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February 26, 2019

Bailing out the ocean with a bucket

Opinion

February 26, 2019

Seeking another ‘Standby Arrangement’ – more commonly known as a ‘bailout package’ – from the IMF seems inevitable for Pakistan. The current PTI government is facing a lot of criticism for this decision, having built much of its election campaign on an anti-IMF slogan.

In his speeches, PM Imran Khan had often said that he would prefer suicide over going to the IMF and that he would restructure the whole economy in the first 100 days. Well, neither happened.

At present, Pakistan’s foreign currency reserves have reached $8.1 billion. According to some reports, a few international creditors have given loans of approximately $2.3 billion, 60 percent less than what was received ($5.8 billion) during the same period last year. But there’s more concern: according to the State Bank of Pakistan, the country’s external debt in the third quarter of FY 2018-2019 has arisen to $96.7 billion. The stock market has crashed, and the dollar-to-rupee exchange rate is continuously depreciating. Since December 2017, the dollar has become approximately 18 percent more expensive.

The immediate reason for the current crisis is a set of policies that has encouraged investments in real estate, guaranteed profit projects, and industries enjoying unfair tax exemptions. This has discouraged industrialisation and development on a broader scale and contributed to Pakistan’s failure to achieve high growth rates, as well as led to its poor exports record. Since 1980, exports from India and Bangladesh have grown at a rate that is more than five times the growth of Pakistani exports during the same time.

Removal of all such policy distortions and deregulation of all sectors of the economy from unnecessary government controls must be among the top priorities for the new government. If it cannot offer meaningful incentives, it ought to at least remove some of the disincentives confronted by entrepreneurs and industrialists. This may need a comprehensive review and doable renegotiation of the terms of all projects, including projects under CPEC, where a rate of return is guaranteed, and elimination of tax exemptions granted through ad-hoc administrative measures.

However, the entrenched elites have misled the new government into wild-goose chases like looted wealth abroad rather than reforming a system loosely built on patronage under the protection of a military and civil bureaucracy. No genuine effort has been made to address the multifaceted challenges Pakistan has to deal with day in and day out.

Given the desolate situation in Pakistan, it remains to be seen whether the IMF will once again provide a standby arrangement package to Pakistan. In all probability, the IMF, before offering any new loan programme to Pakistan, will ask for several reforms. The reason is simple: since the late 1980s every government has, one way or another, approached the IMF to cover up the gap between revenues and expenditures. Interestingly, on every occasion the loan was drawn but used with extreme ineptitude.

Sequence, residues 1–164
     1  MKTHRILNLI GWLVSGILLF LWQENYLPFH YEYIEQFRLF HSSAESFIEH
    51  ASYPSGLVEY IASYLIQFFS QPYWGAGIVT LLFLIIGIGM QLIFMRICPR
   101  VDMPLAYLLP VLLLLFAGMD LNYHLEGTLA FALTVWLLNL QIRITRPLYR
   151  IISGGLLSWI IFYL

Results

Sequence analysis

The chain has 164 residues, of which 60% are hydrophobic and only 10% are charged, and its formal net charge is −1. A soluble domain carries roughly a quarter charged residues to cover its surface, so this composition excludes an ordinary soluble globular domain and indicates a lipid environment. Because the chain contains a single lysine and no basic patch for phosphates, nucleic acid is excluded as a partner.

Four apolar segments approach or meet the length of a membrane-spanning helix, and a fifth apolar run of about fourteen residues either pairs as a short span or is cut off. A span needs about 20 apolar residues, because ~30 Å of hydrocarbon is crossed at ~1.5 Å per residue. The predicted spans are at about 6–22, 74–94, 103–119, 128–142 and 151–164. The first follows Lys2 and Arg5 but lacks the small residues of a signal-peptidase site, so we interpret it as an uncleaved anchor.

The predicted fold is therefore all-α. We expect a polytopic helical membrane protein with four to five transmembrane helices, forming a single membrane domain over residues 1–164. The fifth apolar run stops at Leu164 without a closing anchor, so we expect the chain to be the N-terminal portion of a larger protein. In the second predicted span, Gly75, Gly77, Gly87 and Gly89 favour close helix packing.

In Pakistan, the IMF is always criticised but has any government at least tried to focus on micro and macroeconomic derelictions? With every standby arrangement package, the IMF also provides a structural adjustment programme. The basic purpose behind this structural adjustment programme is to repair the problem within the economic system of a country, so that after the completion of the programme, the country can survive on its own.

In the case of Pakistan, the basic aim of the structural adjustment programme is to increase the tax revenue regime and decrease the trade deficit. In response to this, Pakistani governments – instead of increasing the tax net – impose indirect taxes with the help of the general sales tax (GST) and value added tax (VAT) systems. This does increase the tax revenue, but it also raises inflation and unemployment.

Privatisation of state-owned enterprises is also a suggestion from the IMF. This is because most of these SOEs are incurring losses, and every year the federal government is compelled to intervene with billions of rupees to run them. For instance, the Economic Coordination Committee of the federal cabinet in a recent meeting approved Rs5.6 billion to address the catastrophic situation of PIA. But will that revive the national airline?

The IMF gives loan in terms of ‘Special Drawing Rights’ (SDR) which are supplementary foreign-exchange reserve assets defined and maintained by the IMF. The last borrowing in 2013 was for a 36 month, SDR4,393 million Extended Arrangement under the Extended Fund Facility. Although the 2013 programme was completed successfully, nothing material was done to restructure the loopholes in the economy to stand off the ever-increasing current account deficit and trade gap. This entire situation has put Pakistan’s financial stability in jeopardy.

Now that the PTI government intends to go to the IMF, it should – unlike previous governments – first take the people of Pakistan into confidence and explain the facts and reasons for going to the IMF so that they can get themselves ready for hard times. Secondly, the current government should work on the implementation of structural transformations ie introduction of tax reforms and privatisation of state-owned enterprises which are incurring massive losses to the public exchequer.

Pakistan is undoubtedly a curious case of Dutch Disease without oil and its economic woes are repeated ad nauseum. But this does not mean that there is no room left for improvement. The political leadership from the treasury and opposition benches must work together to avoid making politics a curse for the economy.

The writerr is an advocate of the high court and is based in Lahore.

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